Urban Poverty circa 1874

The New Shame of Our Cities

by Joel Kotkin — Urban revival views are more aspirational, than reflective of reality. Overall, data suggests that, with few exceptions, we are seeing continued movement from our large cities to suburbs and less dense cities.
The Hollywood Sign, as seen from a nearby trail.

Homelessness in Hollywood

by Alicia Kurimska — The allure of Los Angeles may be good weather, beaches, and the glam of Hollywood. However, the area has about 50,000 who are currently experiencing homelessness. This video examines the extreme inequality of the area.
SMU, Dallas Hall

College Graduates Concentrated in Suburbs, Highest Educational Attainment in CBDS

by Wendell Cox — The nation’s high-density central business districts of the major metropolitan areas have the largest shares of adults over the age of 25 with bachelor’s degrees or higher, consistent with popular perception. However, such a small percentage of people live in central business districts, that most bachelors degree and higher adults live in the suburbs.
Apartment building in Westwood area of LA.Photo credit: Brian Wallace

Killing the California Dream

by Randal O' Toole — Californians need to give up on their dream of a “ranch-house lifestyle” and an “ample backyard” and the state should become “more like New York City,” writes LA Times columnist George Skelton. After reading his article, the Antiplanner has just one question: Why?
Photo credit: Hatham Al Shabibi on Unsplash

The End of Aspiration

by Joel Kotkin — Since the end of the Second World War, middle- and working-class people across the Western world have sought out—and, more often than not, achieved—their aspiration. These usually included a stable income, a home, a family, and the prospect of a comfortable retirement.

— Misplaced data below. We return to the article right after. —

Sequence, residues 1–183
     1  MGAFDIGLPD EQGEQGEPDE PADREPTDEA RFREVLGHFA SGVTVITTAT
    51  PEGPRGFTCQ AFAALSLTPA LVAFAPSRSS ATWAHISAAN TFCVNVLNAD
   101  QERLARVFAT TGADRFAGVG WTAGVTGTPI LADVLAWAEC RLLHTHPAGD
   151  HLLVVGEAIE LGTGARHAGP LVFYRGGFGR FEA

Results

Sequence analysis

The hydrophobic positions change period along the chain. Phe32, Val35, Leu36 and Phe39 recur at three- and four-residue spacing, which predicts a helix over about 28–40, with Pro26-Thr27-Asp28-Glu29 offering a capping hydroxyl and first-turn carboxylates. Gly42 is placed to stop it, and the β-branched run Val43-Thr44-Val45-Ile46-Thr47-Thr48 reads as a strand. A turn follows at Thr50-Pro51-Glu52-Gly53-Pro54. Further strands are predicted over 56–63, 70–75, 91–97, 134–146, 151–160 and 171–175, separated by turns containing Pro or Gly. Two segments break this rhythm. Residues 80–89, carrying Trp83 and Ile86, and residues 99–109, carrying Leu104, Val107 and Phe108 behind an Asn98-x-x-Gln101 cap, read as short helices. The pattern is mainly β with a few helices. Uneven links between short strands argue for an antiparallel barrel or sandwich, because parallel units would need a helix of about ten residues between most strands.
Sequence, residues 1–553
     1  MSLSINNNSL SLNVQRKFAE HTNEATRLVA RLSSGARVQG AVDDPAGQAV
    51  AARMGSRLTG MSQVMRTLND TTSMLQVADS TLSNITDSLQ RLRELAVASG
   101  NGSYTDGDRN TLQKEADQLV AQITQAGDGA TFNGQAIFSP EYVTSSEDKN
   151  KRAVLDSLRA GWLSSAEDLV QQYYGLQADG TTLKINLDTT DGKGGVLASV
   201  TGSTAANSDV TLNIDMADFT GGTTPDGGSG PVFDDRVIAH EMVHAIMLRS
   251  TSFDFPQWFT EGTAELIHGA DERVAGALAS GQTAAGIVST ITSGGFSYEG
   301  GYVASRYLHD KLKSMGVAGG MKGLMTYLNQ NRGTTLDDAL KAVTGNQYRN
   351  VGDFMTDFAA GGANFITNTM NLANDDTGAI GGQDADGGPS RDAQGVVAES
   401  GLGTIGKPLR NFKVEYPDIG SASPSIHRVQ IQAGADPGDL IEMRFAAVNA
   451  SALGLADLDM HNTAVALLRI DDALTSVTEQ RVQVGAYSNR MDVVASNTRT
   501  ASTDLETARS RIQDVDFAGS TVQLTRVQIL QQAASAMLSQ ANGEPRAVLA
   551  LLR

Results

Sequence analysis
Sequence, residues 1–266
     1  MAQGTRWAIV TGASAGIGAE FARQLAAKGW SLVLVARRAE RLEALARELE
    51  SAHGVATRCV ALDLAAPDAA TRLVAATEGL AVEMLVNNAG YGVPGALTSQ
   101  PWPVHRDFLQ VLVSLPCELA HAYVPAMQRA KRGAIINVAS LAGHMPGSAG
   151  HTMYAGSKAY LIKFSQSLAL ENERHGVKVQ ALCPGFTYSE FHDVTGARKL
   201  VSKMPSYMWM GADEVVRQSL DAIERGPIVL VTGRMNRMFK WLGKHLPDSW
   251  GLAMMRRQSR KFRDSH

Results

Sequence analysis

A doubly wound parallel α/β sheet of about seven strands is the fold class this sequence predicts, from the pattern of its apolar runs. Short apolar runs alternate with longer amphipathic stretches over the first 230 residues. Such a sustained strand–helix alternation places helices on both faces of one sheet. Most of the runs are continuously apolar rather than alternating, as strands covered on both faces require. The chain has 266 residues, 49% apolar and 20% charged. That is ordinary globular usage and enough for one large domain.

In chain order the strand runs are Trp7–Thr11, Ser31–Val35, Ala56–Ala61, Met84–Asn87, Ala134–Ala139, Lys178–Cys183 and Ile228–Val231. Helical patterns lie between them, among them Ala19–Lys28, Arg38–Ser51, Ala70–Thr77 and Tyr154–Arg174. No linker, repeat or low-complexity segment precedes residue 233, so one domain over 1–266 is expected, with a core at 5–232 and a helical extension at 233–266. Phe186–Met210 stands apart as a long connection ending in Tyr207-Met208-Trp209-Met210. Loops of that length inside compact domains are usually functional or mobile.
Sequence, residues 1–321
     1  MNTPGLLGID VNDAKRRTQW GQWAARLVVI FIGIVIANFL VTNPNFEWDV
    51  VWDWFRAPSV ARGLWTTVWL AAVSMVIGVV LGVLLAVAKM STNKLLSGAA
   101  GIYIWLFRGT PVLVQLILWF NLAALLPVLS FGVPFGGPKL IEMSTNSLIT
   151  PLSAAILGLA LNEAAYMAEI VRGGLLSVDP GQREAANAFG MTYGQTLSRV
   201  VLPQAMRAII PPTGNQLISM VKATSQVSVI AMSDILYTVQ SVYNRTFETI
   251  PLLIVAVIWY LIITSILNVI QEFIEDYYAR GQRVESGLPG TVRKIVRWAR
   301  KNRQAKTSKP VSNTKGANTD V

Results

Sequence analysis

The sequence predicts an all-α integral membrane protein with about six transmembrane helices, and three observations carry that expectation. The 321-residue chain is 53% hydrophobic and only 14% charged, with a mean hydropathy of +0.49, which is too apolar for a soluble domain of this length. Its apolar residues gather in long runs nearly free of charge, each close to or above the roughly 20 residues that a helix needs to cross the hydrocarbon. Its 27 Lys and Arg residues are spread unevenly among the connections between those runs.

Merced, California — now part of Bay Area Sprawl

Anti-"Sprawl" Bay Area Leads Expanding Metropolitan Regions

by Wendell Cox — This article examines metropolitan regions based on Office of Budget & Management boundaries. It illustrates that, despite the desires of planners and environmentalists to limit “sprawl”, labor markets continue to expand their footprint, particularly in the most regulated regions such as the Bay Area.
Photograph by D Ramey Logan: Aerial view of Rancho Santa Margarita

Restoring the California Dream, Not Nailing It's Coffin

by Joel Kotkin and Wendell Cox — Virtually everyone, including Gov. Gavin Newsom, is aware of the severity of California’s housing crisis. The bad news is that most proposals floating in Sacramento are likely to do very little to address our housing shortage.
Photo credit: Dllu — Pittsburgh at night

15th Annual Demographia International Housing Affordability Survey: 2019

by Wendell Cox — The 15th Annual Demographia International Housing Affordability Survey covers 309 metropolitan housing markets (metropolitan areas) in eight countries, rating middle-income housing affordabiliyy.
suburban housing growth

The High Residential Densities of California (and “Wild Wild” Texas)

by Wendell Cox — Despite their reputation for urban sprawl, the metropolitan areas of Texas have comparatively high residential densities, while the Los Angeles urban area is actually 30 percent denser, with much smaller lots than the New York metro area.
2018 Standard of Living Index, Top 20 and Bottom 20

2018 Standard of Living Index

by Wendell Cox — The Center for Urban Opportunity (COU) has developed a measure (the "COU Standard of Living Index") that estimates the purchasing power of real average pay in metropolitan areas compared to that of the average employee who moves to a new residence.